I have noticed that a busy day with many tasks accomplished leaves me highly satisfied whereas I tend to feel vaguely disappointed if I get to the end of a day and cannot point to anything significant that I have done since I got out of bed. (Who is assigning significance? Me of course!)
Sometimes I think I am getting the hang of this 'being' thing. Then a deadline approaches. Like, for example, the departure date for a journey. Soon, I find myself compiling the inevitable 'things-I-must-do-before-we-leave' list. Redirect the mail. Weed the garden. Buy a new suitcase. Get my e-mail up to date. Clean my shoes. Re-charge the camera batteries …
It's not the list that is the problem. Nor even the utter glee with which I cross things off it. The problem is the feeling of vague dissatisfaction I get when a day goes by with nothing crossed off and nothing to show for having lived another twenty-four hours.
As long as I can remember, I have had days of pottering interspersed with days of prodigious output. I am like the hare in the hare and tortoise story who alternated between napping and sprinting. I can totally relate to the hare.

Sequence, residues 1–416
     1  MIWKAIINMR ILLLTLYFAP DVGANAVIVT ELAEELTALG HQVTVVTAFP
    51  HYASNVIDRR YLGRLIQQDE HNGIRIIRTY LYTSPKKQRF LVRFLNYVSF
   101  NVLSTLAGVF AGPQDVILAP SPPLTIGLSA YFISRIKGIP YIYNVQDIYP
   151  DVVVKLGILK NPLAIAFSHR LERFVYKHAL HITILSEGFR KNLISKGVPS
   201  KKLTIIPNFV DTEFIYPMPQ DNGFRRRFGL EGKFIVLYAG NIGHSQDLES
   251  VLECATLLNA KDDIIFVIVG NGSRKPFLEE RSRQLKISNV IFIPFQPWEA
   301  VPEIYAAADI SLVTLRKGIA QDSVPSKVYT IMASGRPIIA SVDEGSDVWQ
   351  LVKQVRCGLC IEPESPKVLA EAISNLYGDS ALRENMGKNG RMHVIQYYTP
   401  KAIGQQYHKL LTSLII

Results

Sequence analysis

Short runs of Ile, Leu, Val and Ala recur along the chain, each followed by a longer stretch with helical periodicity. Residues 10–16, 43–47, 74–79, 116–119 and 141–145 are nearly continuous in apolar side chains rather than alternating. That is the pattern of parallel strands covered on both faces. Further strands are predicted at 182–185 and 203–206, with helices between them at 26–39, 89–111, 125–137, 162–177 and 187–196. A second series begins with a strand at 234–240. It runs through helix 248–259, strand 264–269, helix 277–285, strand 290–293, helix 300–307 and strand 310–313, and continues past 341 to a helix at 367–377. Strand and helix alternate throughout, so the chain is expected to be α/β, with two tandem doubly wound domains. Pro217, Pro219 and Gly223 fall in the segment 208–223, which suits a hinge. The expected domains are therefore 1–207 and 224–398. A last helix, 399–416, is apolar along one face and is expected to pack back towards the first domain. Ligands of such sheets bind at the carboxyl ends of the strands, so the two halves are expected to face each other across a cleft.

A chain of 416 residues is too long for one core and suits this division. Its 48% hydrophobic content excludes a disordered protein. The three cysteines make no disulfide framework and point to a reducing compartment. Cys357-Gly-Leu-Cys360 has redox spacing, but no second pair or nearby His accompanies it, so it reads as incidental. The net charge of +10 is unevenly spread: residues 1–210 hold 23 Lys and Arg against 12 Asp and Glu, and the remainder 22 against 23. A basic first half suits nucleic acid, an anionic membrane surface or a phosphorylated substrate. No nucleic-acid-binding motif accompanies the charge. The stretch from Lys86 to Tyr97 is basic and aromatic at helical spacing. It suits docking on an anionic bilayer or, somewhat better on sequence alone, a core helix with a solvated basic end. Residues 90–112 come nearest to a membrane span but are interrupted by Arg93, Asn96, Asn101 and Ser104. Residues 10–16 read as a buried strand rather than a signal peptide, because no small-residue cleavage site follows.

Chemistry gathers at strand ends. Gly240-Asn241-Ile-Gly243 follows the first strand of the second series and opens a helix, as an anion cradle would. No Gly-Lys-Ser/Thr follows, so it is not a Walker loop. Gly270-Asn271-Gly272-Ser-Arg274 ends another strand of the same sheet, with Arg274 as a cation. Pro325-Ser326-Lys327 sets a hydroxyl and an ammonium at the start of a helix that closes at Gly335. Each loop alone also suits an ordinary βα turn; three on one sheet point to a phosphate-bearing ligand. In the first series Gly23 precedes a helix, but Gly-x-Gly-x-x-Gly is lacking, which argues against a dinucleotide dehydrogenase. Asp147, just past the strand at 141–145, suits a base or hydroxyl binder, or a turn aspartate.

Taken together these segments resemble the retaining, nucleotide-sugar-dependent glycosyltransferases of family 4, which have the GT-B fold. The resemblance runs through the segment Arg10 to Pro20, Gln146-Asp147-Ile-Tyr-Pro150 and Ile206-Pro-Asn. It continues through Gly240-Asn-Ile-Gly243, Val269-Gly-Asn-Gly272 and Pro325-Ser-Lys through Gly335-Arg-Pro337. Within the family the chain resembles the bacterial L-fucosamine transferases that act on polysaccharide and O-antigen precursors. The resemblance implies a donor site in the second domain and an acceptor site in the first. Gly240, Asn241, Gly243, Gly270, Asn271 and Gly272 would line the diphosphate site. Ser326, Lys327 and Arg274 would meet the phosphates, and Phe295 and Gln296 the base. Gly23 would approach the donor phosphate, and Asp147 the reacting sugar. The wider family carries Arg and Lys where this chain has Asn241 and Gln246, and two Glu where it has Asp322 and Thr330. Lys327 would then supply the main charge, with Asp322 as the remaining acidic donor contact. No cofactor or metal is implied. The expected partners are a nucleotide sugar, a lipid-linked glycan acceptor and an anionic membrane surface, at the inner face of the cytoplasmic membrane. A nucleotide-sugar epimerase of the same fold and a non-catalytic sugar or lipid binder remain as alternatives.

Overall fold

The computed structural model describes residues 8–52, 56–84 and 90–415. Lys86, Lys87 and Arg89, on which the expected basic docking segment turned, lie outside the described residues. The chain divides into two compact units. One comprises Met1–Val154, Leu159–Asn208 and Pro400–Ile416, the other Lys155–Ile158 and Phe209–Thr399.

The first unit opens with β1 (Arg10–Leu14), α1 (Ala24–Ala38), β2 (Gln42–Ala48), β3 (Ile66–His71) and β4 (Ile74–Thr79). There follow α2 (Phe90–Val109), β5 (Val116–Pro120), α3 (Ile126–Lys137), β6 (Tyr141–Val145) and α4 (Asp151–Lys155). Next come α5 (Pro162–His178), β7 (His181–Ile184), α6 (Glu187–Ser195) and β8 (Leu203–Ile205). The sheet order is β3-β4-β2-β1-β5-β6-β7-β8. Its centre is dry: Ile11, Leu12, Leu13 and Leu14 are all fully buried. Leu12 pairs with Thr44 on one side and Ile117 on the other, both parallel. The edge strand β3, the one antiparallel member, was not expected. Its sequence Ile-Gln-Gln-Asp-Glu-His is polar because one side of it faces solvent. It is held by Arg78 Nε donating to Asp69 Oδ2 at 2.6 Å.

But of course he lost the race. The plodding tortoise is the hero of the story. Our industrial culture rewards the person who works at a steady pace, just like a machine, and has a full 'out' basket at the end of each day. That is what many of us learn to expect of ourselves, regardless of how well that pattern actually suits who we are.
Such an expectation, fully internalised by the time we reach adulthood and reinforced in the workplace, makes it difficult ever to recapture the pure, joyful present-centredness of early childhood. Instead, we become addicted to Getting Things Done and for many of us the addiction persists into the years of so-called 'retirement'. (Even into really old age. I have a 91-year-old relative who frequently chides herself for being 'lazy' and 'not doing anything').
Not that retirement means we should forego the pleasure of doing what we enjoy or of doing a whole lot of things we never had time for before. Being busy is fine. But we should never feel driven. Never, ever, ever.
I often write about the importance – and the pleasure – of living in the Now and substituting 'being' for 'doing'. But do I practise what I preach?
Well yes I do, sometimes. On my daily walks in the countryside, or on vacation, or just strolling around my garden simply observing and breathing instead of weeding or planting, I am often able to do what Richard Carlson calls 'slowing down to the speed of life'. It feels really good.
But the rest of the time? Hmm … not so much.
And by the way, have you noticed that even this post is couched in terms of achievement? I am trying to achieve a state of not being preoccupied with achievement. Arrgghh!! That's enough to drive even a Zen master to drink.